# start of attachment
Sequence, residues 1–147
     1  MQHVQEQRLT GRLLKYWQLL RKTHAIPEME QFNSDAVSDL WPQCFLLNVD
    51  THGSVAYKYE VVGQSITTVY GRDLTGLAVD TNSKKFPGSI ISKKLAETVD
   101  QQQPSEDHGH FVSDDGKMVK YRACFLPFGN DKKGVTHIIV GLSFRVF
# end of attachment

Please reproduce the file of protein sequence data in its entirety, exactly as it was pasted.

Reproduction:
Sequence, residues 1–147
     1  MQHVQEQRLT GRLLKYWQLL RKTHAIPEME QFNSDAVSDL WPQCFLLNVD
    51  THGSVAYKYE VVGQSITTVY GRDLTGLAVD TNSKKFPGSI ISKKLAETVD
   101  QQQPSEDHGH FVSDDGKMVK YRACFLPFGN DKKGVTHIIV GLSFRVF